Louisville Barroom Culture

Louisville Barroom Culture Oral History Project Intro Photo

Louisville is awash in bourbon. And beer. It’s a drinking person’s town, due in no small part to the state’s bourbon heritage, the city’s nickname-namesake brewery, Falls City, and that little horse race called the Kentucky Derby. But there’s more to this town than brown liquor, local breweries, and racetracks. This is where, it’s said, the Old-Fashioned was invented. It’s where Al Capone dodged the law during Prohibition, ducking out of the Seelbach Hotel through secret passageways. And it’s where barkeeps plied their customers with rolled oysters and bean soup to keep them coming back. Louisville’s private clubs, hotel bars, and neighborhood taverns are rich with drinking history and lore. But they’re also rife with innovation and talk of the future. In Louisville, there’s always time for another round.

Interviews

Check's Cafe - Bill Tinker - Louisville Barroom

Check’s Cafe

In 1935, just after Prohibition came to an end, Check Sumpter opened up a tavern in Louisville’s Germantown neighborhood and called it Check’s Café. After nine years in business, he sold the place. The new owner, Joe Murrow Sr., ran Check’s for the next thirty-six years, until his death in 1980. In the three decades during which Joe was behind the bar, he gave Check’s the reputation of being a neighborhood joint where anyone was welcome and everyone was a regular. Today Joe Murrow’s grandson, John, operates Check’s. And while there have been some cosmetic alterations to the place over the years, not much else has changed. Not even the neighborhood regulars.

Jack's Lounge - Joy Perrine - Louisville Barroom

Jack’s Lounge

Eventually, Joy found herself mixing drinks at Louisville’s Equus Restaurant. In 2000 Equus’s chef and owner, Dean Corbett, opened Jack’s Lounge next door and gave Joy free reign. Joy gets ideas for new drinks from cookbooks, unusual ingredients, and her own specific memory of a place or a time. Whatever her inspiration, Joy’s passion for her work can be tasted in every sip. But after more than three decades tending bar, Joy is looking to retire. She may hang up her apron, but she’ll never stop making cocktails.

Bristol Bar and Grille - Marian Murphy - Louisville Barroom

Marian Murphy

Marian Murphy has been tending bar at the Bristol Bar & Grille since 1989.

Mazzoni's Cafe - Greg Haner - Louisville Barroom

Mazzoni’s Cafe

In 1884 Phillip Mazzoni opened Mazzoni’s, a tavern on Third and Market streets in downtown Louisville. Along with beer, Phillip sold a few items to augment his business: hot dogs, boiled eggs, and the iconic Louisville bar food, rolled oysters. As far as anyone knows, the Mazzoni family originated the rolled oyster: a trio of a few bivalves rolled in a thick breading and then fried. When Prohibition hit in 1919, beer stopped flowing from the taps, and rolled oysters took center stage. Other items were added, including hot tamales, which first appeared on the menu in 1921.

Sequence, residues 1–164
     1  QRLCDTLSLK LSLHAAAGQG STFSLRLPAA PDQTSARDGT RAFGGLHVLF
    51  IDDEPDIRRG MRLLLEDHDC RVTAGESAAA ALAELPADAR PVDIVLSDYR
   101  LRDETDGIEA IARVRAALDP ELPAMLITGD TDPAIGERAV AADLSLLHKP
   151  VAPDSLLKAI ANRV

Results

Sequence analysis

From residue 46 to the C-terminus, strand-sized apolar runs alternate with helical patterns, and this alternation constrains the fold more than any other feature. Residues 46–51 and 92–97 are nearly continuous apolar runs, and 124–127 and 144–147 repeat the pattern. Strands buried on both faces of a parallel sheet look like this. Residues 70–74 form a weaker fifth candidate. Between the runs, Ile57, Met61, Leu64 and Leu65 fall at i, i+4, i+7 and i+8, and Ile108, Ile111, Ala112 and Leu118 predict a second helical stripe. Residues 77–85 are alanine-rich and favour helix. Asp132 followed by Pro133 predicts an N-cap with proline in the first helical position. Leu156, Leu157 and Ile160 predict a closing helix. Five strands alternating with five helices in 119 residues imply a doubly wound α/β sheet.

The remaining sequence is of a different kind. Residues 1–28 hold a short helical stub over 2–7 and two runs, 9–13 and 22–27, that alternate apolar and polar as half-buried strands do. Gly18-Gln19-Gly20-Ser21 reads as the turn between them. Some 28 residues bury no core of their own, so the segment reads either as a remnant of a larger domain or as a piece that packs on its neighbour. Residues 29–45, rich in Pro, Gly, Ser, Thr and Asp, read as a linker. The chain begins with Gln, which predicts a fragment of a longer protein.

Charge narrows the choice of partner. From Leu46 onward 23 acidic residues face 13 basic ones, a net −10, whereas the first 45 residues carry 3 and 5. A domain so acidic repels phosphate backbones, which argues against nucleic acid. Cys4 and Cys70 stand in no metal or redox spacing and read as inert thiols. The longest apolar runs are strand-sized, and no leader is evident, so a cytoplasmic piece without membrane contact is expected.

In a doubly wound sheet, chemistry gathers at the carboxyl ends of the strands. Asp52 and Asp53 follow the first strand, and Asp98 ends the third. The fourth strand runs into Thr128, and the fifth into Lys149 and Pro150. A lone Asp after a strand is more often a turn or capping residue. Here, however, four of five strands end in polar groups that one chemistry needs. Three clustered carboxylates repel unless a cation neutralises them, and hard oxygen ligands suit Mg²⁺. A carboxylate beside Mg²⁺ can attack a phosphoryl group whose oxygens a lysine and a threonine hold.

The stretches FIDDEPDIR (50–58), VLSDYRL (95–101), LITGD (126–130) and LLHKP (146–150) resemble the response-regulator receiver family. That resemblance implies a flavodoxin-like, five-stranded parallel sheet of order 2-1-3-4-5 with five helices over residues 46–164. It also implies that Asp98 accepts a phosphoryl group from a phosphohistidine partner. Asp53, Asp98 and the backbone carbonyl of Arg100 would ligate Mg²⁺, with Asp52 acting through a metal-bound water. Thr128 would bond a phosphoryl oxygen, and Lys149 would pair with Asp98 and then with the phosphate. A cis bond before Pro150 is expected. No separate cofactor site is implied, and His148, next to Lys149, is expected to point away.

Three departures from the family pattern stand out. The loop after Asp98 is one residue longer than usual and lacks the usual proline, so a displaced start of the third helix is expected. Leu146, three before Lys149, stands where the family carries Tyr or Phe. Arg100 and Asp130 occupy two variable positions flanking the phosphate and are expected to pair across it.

Pendennis Club - John C. Johnson - Louisville Barroom

Pendennis Club

Johnson is a walking encyclopedia of information about the club and has collected more than a few stories over the years. He also witnessed a groundbreaking moment in the club’s history: its integration. After fifty years at the Pendennis Club, Johnson tried to retire, but he just couldn’t stay away. Today, he serves as director of membership relations and continues to train new employees in the art of good service.

Remembering Max Allen Jr.

Max Allen Jr. came from a family of bartenders. His father, Max “Scoopie” Allen, worked the bar at the legendary Seelbach hotel. Along with a set of bar tools, Max inherited a love of history and a passion for cocktails. For years, he worked at the old Louisville institution Hassenour’s; when it closed, he was recruited to follow in his father’s footsteps, tending bar at the Seelbach. Max was a bartender’s bartender. He knew names, stories and drinks, and made everyone who visited his bar feel like a regular. As he mixed their favorite cocktails, he plied them with tales about Louisville and the history of bourbon. He made an impression on the people he served, as well as on those he worked with behind the bar. Max passed away in 2000, but his memory lives on.

Seelbach Hilton

Opened in 1905, the legendary Seelbach Hilton has hosted gangsters, politicians, and celebrities for generations. Stories of Al Capone evading the law during Prohibition and F. Scott Fitzgerald drinking cocktails from the hotel’s luxurious bar have contributed to the place’s mystique. It’s the perfect environment in which to enjoy a classic cocktail and a taste of the past.

Tommy Lancaster’s Restaurant

Larry started mixing drinks at Tommy Lancaster’s in 1960, when Martinis were sixty-cents, beer was a quarter, and women weren’t allowed to sit at the bar. After forty-three years of making cocktails and pouring beer, Larry finally retired in 2003. But he didn’t stay away for long. In 2007 he was back, selling five-dollar Martinis and three-dollar beers in part of what is today considered the Greater Louisville Metropolitan Area.